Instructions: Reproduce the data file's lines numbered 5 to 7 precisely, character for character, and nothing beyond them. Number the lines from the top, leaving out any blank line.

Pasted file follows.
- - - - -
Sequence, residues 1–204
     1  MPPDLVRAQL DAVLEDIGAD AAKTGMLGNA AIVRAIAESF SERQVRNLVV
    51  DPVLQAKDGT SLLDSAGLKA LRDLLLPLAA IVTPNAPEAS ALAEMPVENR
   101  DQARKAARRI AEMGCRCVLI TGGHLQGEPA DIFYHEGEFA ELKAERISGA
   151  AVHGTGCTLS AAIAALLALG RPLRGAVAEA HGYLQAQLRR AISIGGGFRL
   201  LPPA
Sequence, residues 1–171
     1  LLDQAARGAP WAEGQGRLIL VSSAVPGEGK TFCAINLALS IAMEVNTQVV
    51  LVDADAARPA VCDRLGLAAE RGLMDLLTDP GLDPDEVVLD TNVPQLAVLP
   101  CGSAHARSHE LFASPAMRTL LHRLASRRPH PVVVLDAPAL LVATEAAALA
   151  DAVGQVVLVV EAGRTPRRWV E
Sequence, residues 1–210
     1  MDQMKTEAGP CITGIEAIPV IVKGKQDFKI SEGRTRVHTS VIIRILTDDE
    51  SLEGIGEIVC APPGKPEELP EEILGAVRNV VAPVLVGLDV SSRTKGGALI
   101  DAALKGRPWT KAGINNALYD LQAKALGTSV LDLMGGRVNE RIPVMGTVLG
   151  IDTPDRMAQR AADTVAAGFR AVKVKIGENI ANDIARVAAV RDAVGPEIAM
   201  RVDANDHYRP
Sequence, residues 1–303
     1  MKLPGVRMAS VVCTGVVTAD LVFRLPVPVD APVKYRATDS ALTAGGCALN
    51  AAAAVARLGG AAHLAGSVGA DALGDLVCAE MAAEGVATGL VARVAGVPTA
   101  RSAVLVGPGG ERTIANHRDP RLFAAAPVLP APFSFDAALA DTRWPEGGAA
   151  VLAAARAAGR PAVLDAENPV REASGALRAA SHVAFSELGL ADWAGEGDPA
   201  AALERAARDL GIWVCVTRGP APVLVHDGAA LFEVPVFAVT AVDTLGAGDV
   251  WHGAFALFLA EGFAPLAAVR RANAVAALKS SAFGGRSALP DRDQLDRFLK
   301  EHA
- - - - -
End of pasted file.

   151  AVHGTGCTLS AAIAALLALG RPLRGAVAEA HGYLQAQLRR AISIGGGFRL
   201  LPPA
Sequence, residues 1–171